Just as Monday Night Football is appointment television for NFL fans across the country, as a youth growing up in the 90’s hardcore fight fans had a weekly platform to promote their sport, USA’s Tuesday Night Fights. On August 15th, 1998 USA pulled the plug on what was at the time the longest running boxing program an 18 year-run that started on Tuesday, October 1, 1982. Its been 20 years, two decades, an entire generation since the sweet science had the excellent platform. Others have picked up the slack to showcase the young up and coming talent and fringe contenders that Tuesday Night Fights regularly featured. ESPN added Friday Night Fights which introduced us to a young Max Kellerman and Brian Kenny and the premium cable channels HBO and Showtime added Boxing After Dark and SHOBOX: The Next Generation. Both of these programs aired good prospects and fights that the network would not have typically picked up. However, it didn’t have the weekly regular platform that USA’s program did.
Tuesday Night Fights played a major role in the development and preservation of the sport. It gave a regularly televised spot to fighters who wouldn’t normally have had their fights televised. Countless fighters, excellent fighters had their career fast-tracked because of the weekly boxing show. There is plenty of boxing on today in 2018, that is an indisputable fact, however, much of it is impossible to find. I have over a 1000 channels, Bounce Network isn’t one of them, many fight fans don’t even know what BeIn Sports is, so they miss out on countless fights. Some of the extended sports network on CBS and NBC like CBS SportsLine and NBC Sports Network are nearly impossible to find and come along with an extremely costly price tag as typically a premier sports packages is needed to get these channels. On top of that we now have to pay an additional $5-10 a month for various apps and streaming services. What we got weekly, week in and week out and was available to everyone and easy to find for hardcore and casuals alike, is now almost impossible to find and extremely costly.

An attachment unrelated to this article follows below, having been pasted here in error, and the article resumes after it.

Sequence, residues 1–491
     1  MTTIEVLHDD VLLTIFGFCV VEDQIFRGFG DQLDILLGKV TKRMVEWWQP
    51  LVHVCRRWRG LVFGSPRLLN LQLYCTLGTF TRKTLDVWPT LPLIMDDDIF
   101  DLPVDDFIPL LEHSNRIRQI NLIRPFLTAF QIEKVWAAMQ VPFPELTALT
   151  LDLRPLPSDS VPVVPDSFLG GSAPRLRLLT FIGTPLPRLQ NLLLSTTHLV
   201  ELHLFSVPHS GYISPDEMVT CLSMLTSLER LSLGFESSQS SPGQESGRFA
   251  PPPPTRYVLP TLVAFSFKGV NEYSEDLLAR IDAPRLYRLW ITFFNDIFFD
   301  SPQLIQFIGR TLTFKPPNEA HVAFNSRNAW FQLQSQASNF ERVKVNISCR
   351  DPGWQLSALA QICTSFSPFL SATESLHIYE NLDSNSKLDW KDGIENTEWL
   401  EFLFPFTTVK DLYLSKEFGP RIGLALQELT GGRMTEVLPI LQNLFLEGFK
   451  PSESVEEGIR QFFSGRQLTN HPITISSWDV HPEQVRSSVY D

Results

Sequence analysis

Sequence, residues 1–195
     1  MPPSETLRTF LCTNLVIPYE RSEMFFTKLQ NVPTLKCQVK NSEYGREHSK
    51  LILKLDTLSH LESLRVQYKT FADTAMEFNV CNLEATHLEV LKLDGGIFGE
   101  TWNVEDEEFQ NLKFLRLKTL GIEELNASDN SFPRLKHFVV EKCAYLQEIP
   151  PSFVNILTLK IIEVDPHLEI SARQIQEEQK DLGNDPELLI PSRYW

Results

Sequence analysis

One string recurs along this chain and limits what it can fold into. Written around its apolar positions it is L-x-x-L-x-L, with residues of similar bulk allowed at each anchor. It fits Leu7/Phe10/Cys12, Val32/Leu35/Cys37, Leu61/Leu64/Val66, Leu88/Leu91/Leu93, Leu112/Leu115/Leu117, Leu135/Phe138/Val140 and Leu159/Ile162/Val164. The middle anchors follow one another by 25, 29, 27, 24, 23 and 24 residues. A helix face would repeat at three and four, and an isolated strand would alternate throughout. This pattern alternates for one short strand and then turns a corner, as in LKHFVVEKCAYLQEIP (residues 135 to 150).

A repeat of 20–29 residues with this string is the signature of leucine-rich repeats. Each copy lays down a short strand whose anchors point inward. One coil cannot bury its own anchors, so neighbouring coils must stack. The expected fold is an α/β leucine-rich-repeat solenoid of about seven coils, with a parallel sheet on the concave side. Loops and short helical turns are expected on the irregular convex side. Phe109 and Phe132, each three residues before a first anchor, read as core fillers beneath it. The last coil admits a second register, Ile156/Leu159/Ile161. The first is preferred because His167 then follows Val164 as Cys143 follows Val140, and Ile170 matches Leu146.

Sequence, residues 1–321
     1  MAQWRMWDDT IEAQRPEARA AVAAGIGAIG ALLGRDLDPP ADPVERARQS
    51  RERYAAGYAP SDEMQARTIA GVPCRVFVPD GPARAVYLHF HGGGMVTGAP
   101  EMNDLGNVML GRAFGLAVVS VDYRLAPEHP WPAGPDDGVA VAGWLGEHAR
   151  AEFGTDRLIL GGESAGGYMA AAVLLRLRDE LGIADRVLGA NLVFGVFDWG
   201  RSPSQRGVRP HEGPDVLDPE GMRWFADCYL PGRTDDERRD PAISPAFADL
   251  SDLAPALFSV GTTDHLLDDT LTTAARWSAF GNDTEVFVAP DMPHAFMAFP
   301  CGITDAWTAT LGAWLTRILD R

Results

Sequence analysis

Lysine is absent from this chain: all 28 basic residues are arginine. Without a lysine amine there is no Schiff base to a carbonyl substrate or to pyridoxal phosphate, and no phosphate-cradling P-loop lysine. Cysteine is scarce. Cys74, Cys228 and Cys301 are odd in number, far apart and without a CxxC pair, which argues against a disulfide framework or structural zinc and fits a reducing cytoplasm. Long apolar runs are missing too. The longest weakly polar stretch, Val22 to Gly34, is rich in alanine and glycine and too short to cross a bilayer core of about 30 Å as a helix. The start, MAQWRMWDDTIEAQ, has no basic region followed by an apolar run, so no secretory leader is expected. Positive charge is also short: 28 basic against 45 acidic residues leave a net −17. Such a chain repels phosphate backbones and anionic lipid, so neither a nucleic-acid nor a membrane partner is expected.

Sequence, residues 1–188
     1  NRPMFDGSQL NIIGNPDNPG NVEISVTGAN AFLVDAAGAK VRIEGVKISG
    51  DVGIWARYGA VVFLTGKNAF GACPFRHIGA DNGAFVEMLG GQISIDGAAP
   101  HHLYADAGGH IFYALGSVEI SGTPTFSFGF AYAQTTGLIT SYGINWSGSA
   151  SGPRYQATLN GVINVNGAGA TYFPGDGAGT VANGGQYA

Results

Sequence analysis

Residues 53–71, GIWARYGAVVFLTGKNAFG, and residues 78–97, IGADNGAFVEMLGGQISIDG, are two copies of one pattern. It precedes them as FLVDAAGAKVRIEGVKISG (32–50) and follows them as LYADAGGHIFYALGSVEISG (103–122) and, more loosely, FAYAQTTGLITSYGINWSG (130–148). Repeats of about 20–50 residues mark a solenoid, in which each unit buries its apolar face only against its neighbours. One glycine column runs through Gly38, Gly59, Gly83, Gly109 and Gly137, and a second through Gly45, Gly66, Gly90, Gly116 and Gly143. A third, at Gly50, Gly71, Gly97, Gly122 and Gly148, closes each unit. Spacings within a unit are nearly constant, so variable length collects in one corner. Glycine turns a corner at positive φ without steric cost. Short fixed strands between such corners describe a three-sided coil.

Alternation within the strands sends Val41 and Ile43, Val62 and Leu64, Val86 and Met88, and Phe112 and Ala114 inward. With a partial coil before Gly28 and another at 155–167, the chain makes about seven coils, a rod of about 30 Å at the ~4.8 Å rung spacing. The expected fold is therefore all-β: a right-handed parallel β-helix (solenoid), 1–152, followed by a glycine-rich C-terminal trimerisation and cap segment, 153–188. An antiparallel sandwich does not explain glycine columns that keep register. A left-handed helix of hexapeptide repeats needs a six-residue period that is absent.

Tuesday Night Fights has obviously had a big impact on us at 3DBoxing. Our weekly podcast that airs every Tuesday is named in the programs honor. If not for the weekly program I don’t know if I ever would have become the hardcore boxing nut that now gets to do this professionally. I always knew when there were fights on, every Tuesday night at 8 EST two familiar voices would introduce us to all the boxing news of the week and give us the punch by punch commentary. Al Albert, whose voice is synonymous with the sweet science, not only because of the great work he did every Tuesday but also because his two brothers, Marv and Steve are both Hall of Fame announcers who covered the sport and covered some of the biggest fights of their time and Al sounded indistinguishable to his famous brothers, as well as the champ Sean O’Grady, whose strong southern drawl was a great contrast to Albert’s Brooklyn accent. O’Grady would break down every fight as if it was the first fight we ever watched, and if you were watching Tuesday Night Fights it certainly wasn’t, but his analysis if not simple was certainly accurate and on point.
Tuesday Night Fight’s signed off on August 25th, 1998, its final card was headlined by Butterbean a sideshow that people certainly tuned in to watch, but despite the less then perfect ending TNF’s did give us a regular dose of up and coming talent, many careers were fast-tracked by the Tuesday program such As Roy Jones Jr, Oscar De La Hoya, Hector Camacho, Arturo Gatti and Winky Wright were all featured in the developmental stages of their career. In addition to that, both Larry Holmes and George Foreman used the platform to resurrect their comebacks in the 90’s. The USA blueprint that worked so perfectly for 18 years is Something that Showtime’s SHOBOX is sort of running with. It gives two really familiar voices in Steve Farhood and Barry Tompkins two Hall of Fame voices that hardcore is more than a little bit familiar with. A plethora of young fighters with a lot of talent except it does have the regular weekly airing that Tuesday NIght Fights gave us. So, for now, we are relegated to getting 1000 plus channels and paying for a zillion different apps and streaming services to get what we use to get on our basic cable package with Tuesday Night Fights.